Because PWDs have limited access to family planning, she says they are never in control of the number of children they want to have and many are struggling to raise children as single parents.

Health experts in the area also say that the low-level use of family planning is influencing the fertility pattern and population growth rate in the district, derailing the otherwise healthy development of young women and adolescents into adulthood.

Winnie Rose Masika, the Officer in Charge of Family Planning services at  Bupomboli Health Centre III in Harugale Sub County, says that the shortage of contraceptives and the health workers to provide them coupled with unfriendly service providers create another barrier.

She adds that most medical distribution systems have not been digitized to address the geographical challenges in Bughendera while the village health teams-VHT are not fully motivated to do the work.

Peace Muhindo, a health worker at Bukangara Health Centre III in Bukonzo Sub-county says the number of young mothers seeking family planning services remains low and attributes this to the low level of men’s involvement. However, she acknowledges that there is limited access to these services pointing out her sub-county that serves other remote sub-counties of Kirirumya and Mbatya.

Annah Kukundakwe, a Senior Programme Officer in charge of Partnership and Networks at the Centre for Health, Human Rights and Development -CEHURD says that while nearly a third of all women in Uganda are becoming mothers during adolescence, it is clear the country is unknowingly ruining the future of young adolescent girls and women.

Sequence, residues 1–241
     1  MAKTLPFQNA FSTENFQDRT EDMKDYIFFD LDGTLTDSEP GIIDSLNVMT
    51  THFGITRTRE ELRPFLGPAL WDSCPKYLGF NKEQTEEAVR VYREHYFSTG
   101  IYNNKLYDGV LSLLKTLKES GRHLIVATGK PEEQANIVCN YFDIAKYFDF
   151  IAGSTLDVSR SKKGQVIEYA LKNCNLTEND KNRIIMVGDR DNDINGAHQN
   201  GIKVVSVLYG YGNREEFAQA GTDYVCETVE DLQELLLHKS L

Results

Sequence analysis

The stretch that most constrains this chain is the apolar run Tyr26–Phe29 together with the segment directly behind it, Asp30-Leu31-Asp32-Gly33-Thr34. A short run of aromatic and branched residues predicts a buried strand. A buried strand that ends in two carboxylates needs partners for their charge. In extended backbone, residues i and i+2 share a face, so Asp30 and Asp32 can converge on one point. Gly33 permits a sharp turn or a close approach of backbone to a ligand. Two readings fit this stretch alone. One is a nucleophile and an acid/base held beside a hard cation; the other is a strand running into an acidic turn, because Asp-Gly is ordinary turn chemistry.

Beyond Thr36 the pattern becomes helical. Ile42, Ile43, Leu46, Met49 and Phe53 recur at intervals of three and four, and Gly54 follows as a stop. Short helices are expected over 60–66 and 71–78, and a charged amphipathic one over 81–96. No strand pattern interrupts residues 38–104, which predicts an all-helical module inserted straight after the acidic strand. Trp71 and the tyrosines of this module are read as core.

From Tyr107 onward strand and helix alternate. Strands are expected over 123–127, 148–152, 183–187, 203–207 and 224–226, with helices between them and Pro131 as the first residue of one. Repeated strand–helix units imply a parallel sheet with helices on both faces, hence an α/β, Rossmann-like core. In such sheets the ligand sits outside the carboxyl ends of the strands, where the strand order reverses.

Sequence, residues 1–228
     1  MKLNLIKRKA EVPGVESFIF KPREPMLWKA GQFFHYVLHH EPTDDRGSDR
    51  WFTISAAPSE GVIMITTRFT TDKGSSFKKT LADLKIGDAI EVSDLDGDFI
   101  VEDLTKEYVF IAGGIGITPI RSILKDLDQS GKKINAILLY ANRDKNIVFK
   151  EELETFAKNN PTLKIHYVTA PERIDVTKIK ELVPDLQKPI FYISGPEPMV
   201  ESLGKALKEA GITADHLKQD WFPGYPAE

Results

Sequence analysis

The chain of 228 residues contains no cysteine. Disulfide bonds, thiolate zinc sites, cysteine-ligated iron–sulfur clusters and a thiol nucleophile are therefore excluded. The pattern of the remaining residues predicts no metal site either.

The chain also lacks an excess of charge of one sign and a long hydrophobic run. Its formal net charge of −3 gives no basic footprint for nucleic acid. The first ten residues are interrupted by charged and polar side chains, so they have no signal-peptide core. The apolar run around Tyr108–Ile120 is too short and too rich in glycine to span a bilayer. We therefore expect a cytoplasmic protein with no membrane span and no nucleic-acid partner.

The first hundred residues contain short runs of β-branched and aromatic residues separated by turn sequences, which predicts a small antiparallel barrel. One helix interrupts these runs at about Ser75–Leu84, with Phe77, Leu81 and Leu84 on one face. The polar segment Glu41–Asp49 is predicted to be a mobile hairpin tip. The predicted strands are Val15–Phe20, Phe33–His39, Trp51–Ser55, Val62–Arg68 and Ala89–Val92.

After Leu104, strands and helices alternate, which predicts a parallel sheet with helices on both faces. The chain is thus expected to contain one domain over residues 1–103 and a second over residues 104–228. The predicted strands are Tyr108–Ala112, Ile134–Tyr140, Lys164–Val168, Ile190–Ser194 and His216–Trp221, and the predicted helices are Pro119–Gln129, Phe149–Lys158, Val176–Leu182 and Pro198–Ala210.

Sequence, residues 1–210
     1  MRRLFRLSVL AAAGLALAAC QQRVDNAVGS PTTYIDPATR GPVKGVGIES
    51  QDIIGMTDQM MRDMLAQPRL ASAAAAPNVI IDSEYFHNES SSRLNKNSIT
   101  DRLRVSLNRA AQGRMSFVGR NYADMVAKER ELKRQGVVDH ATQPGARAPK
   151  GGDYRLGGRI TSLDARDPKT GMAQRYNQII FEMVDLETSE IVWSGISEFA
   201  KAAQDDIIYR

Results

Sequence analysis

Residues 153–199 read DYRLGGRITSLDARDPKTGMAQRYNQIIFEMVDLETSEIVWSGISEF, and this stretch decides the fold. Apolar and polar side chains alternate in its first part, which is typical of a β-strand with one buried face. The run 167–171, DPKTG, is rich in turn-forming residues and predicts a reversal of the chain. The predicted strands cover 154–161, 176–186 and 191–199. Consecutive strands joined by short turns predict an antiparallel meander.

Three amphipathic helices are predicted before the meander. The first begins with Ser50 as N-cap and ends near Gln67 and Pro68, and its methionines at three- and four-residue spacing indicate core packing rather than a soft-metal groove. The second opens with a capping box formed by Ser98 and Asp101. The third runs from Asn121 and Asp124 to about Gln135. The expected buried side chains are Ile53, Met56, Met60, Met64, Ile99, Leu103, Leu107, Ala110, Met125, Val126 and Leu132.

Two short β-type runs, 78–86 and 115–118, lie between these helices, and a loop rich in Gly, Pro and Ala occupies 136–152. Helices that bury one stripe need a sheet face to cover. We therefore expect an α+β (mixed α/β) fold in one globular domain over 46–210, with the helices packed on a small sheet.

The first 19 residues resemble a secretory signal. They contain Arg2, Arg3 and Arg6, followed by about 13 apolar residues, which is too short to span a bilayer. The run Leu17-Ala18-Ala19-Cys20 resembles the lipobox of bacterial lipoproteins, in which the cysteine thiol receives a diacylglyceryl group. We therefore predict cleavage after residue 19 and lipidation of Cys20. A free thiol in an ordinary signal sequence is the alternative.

She says most adolescent girls are sexually violated by men older than them meaning their first sexual encounters are not out of their decisions justifying why they need to have routine access to family planning services.

Kukundakwe wants the government to enforce laws on sexual violence to make it difficult for men to abuse young girls and women but also enable them to access reproductive health services more effectively. She argues that short of this, the country is raising a population that is highly dependent, and uneducated without employable skills, a trend which will have an impact on the general national development agenda.

Bundibugyo District Member of Parliament Josephine Babungi says that the government is committed to ensuring improved access to all Sexual Reproductive Health Services for all.

A survey which was conducted jointly by the Ministry of Health, Uganda Bureau of Statistics (UBOS), and Makerere University School of Public Health in 2022, showed that 15 per cent of the women in Uganda can’t access contraceptives.

Globally in 2021, an estimated 14 per cent of adolescent girls and young women gave birth before the age of 20 while in Uganda 24.8 per cent of the women aged between 15 and 19 years have begun childbearing yet, according to studies, giving birth complications are a primary cause of mortality, with 368 deaths per 100,000 in Uganda (UBOS,2021) and injury among teenage girls.